Do a dry run with all the features and technology you plan to use to see if it works fine. You don't have to create hour-long videos. You could record a short clip to see if your sound and video quality are clear.
If you intend to use a webinar platform, know how to use all its features. And on the event day, be in the webinar 10-15 minutes early so you can test your equipment one final time.
E. Choose a Silent Spot
Avoid any background distractions and noises. For this, you can do the following things:
- Mute other devices like your cell phone or online messenger.
- Choose a spot that is inaccessible to children and pets.
- Don't sit in a public space.
- Close background applications that are running on your computer.
4. Webinar Promotion
Webinar marketing has several moving pieces, from creating a landing page to sending invites to guests.
A. Build a Landing Page
A webinar landing page is critical to drive registrations and offer essential information such as:
- The topic.
- What attendees will learn.
- Speaker bio.
- Date and time.
Remember, be particular about the visual branding and keep it simple. Too much information or graphic elements can be distracting.
B. Create a Blog About the Webinar
Create a blog post in advance to promote the webinar. You can also promote this blog on social media or through email signatures and email if you do not have significant visitor traffic on your blog.
C. Leverage Social Media Platforms to Promote Your Webinar
Social media is one of the most effective ways to promote your webinar. While promoting it, use hashtags to increase your posts' reach.
You can also create a branded hashtag, which you can ask people to use while asking questions. Not only will it increase your attendees' involvement, but it will further boost your brand's reach.
D. Promote Your Webinar via Email
Leverage your email database to promote your webinar. Create short email copies, have a clear call to action, and make it easier for people to register.
Studies indicate that the best time to start promoting a webinar is 15 days in advance. This gives you a window to send an invite, followed by a couple of reminders to people who haven’t registered.
To people who have registered, send a reminder a few days before and on the day of the webinar to maximize the show rate.
E. Use Website Popups
If someone tells you that website popups are a thing of the past, take it with a pinch of salt. Studies show that the conversion rate of top-performing popups is almost 10% compared to only 0.35% average CTR of paid display ads.
Long story short, don’t write off popups just yet. Test and try them out by using them for your webinar invitations. Remember to:
- Be clear about the webinar details and a CTA.
- Wait at least 15-20 seconds before showing the popup.
- Use the popup to show your brand personality.
5. After the Webinar
A. Mention the Next Steps
Once the webinar is over, ensure your audience knows what to expect next. Do you want them to download an eBook or experience your product with a free trial?
Offer them links in the post-webinar follow-up emails. When mentioning the next steps, ensure the following:
- They are easy to understand and easy to use.
- It’s an irresistible offer that they cannot get anywhere.
- It solves their problems.
- The offer is time-bound and only available as a webinar promotion. Create a sense of FOMO.
B. Crowdsource Your Next Webinar Topic
To keep attendees coming back to your webinar, ask them what they would like to hear from you next.
Use a short survey or poll, ask them on social media, or during the webinar itself. Giving a voice to your attendees and allowing them to participate in the webinar preparation process will make it easier for you to create engaging topics and build brand loyalty.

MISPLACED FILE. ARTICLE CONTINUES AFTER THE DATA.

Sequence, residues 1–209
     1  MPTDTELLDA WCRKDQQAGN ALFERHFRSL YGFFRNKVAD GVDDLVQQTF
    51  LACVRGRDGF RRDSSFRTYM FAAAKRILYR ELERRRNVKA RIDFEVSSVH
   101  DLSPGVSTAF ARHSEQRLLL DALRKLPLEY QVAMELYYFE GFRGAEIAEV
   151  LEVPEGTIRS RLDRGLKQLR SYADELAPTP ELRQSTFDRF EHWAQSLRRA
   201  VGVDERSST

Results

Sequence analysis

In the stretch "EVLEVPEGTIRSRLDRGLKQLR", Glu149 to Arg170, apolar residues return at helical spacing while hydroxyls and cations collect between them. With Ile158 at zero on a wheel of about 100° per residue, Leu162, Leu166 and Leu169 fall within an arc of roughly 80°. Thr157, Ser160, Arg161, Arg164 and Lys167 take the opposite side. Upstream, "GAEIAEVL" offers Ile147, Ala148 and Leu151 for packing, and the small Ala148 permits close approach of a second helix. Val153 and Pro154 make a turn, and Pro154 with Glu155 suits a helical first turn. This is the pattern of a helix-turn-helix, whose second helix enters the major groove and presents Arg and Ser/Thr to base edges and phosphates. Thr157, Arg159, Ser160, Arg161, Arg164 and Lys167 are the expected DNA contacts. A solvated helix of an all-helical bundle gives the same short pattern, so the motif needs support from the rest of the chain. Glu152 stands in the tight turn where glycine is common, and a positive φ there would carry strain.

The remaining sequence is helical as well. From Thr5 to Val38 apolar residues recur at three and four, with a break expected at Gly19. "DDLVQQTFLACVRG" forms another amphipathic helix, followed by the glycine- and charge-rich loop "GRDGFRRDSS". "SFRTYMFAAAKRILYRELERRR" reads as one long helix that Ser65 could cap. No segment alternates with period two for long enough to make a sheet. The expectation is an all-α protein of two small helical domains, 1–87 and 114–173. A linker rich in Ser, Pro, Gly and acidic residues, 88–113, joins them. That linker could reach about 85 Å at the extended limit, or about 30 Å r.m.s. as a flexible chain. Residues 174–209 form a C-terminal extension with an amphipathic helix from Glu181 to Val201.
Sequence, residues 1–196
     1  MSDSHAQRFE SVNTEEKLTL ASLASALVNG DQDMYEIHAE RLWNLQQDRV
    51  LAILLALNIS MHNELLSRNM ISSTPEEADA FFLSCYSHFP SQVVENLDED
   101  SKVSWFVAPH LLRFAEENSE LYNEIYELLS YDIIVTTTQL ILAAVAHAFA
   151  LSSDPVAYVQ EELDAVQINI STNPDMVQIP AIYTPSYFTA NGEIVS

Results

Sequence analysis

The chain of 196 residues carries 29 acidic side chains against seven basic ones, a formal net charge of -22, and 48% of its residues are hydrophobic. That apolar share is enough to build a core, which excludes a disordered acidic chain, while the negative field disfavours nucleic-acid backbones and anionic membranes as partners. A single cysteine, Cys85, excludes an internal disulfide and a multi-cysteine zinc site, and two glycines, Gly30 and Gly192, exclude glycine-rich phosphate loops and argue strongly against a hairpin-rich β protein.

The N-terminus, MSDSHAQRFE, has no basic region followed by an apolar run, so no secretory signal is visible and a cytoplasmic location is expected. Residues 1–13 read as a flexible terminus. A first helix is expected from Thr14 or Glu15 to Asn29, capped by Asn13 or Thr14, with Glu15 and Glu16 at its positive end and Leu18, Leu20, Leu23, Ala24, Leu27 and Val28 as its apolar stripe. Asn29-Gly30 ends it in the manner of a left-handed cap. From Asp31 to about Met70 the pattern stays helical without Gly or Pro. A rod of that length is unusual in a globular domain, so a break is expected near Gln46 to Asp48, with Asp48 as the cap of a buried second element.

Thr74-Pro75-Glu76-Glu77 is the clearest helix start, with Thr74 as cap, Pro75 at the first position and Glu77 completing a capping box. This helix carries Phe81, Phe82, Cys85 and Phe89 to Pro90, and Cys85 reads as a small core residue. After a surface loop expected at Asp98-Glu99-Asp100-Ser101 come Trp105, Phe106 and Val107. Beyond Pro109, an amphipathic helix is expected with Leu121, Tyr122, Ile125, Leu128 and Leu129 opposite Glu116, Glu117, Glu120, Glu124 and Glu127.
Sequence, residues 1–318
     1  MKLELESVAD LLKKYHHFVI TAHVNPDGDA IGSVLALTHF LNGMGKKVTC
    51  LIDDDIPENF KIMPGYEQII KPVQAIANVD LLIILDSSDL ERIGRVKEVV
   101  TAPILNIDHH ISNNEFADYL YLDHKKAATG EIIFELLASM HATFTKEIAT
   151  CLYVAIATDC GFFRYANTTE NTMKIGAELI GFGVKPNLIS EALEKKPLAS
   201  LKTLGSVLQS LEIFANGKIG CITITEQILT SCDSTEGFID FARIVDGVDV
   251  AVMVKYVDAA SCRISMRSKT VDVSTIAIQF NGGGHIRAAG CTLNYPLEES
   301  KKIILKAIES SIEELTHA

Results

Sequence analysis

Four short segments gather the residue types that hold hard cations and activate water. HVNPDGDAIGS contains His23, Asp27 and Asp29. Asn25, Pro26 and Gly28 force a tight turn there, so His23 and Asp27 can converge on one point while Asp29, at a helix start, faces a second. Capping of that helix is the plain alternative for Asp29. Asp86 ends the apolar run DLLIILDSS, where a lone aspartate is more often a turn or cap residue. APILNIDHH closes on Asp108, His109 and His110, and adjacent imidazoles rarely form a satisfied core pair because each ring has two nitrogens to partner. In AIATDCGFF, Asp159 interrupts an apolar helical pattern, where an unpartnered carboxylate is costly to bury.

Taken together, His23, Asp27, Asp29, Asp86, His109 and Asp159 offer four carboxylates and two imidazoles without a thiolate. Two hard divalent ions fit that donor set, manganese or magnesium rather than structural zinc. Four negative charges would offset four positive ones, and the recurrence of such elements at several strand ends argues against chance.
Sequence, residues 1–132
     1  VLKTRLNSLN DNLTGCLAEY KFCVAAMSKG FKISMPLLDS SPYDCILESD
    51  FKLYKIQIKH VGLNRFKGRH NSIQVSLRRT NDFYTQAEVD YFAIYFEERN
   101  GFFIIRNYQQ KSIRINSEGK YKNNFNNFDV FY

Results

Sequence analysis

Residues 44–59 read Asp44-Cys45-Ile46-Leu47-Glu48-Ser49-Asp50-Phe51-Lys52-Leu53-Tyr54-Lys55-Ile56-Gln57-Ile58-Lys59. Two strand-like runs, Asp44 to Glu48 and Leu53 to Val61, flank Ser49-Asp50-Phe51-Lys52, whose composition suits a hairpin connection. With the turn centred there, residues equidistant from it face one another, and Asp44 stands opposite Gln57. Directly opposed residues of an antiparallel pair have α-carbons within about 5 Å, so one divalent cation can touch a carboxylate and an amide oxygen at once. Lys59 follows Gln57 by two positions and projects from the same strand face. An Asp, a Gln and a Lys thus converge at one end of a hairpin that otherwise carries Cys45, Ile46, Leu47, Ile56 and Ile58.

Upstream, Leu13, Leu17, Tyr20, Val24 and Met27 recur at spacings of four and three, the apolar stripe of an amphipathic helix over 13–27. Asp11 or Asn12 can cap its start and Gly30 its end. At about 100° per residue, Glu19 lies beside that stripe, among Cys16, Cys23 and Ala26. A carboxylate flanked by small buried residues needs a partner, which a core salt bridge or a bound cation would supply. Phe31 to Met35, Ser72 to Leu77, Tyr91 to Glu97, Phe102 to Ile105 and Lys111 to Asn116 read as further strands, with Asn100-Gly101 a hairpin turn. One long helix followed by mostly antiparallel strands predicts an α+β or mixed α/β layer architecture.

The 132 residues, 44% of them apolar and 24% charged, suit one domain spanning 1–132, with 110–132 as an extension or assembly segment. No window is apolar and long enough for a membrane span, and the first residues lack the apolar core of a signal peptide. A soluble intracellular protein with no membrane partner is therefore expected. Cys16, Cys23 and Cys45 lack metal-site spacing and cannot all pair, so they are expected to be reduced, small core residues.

C. Send Post-Webinar Surveys
While sharing content with your attendees, send them a post-webinar feedback survey. Learn directly from them about how they feel about your webinar—did they like it, find it informational, or dislike it?
Asking for feedback will help you immensely improve your future webinars.
D. Track Results
You cannot improve what you cannot measure. Therefore, track key metrics of your webinar, including:
- The total number of people who registered.
- What were the key channels from where they registered?
- What was the show rate of your webinar?
- The total time they spent in the webinar.
A. Create Questions Beforehand
Although your attendees may have many questions, preparing a list of questions is good in case the engagement is not as expected.
B. Don’t Be Hard on Yourself If Things Go Wrong
Accept that it may not go as planned. And it is okay; some things are just out of your hands.
A power outage, a Wi-Fi downtime, or your laptop decided to go rogue last minute. Most of these situations are generally hiccups. But accepting that things might go wrong is the first step towards calmly addressing these issues.
C. Always Start on Time
Everyone is busy. Respect that and always start on time.
If your webinar is supposed to start at 11 a.m., be prepared to start it on time. Failing to do so might annoy your attendees, and you might lose your potential clients or subscribers.
D. Capture Your Attendees’ Attention Quickly
Hook your attendees as soon as your webinar starts. To do that:
- Avoid banter. Don’t bore your attendees with unnecessary details.
- Be direct. Get straight to the point.
- Create a proper outline of what your webinar is all about.
- Be enthusiastic and excited when presenting.
E. Create Visual Slides
Using bullet points is great for listing down things. But using too many of them is just lazy. When creating webinar slides, think of visuals and different multimedia formats.
One way to do that is by using less text and more videos or soundbites. Also, don’t read what’s on the slide. Attendees can do that themselves.
We can all agree that webinars are a highly effective, engaging format for communicating detailed information. Creating them takes a lot of coordination, well-thought strategy, and planning—from choosing a topic and speaker to preparing the presentation and tracking key metrics.
One small mistake and all your efforts can quickly go south. Use these best practices to ensure you offer actual value to your participants.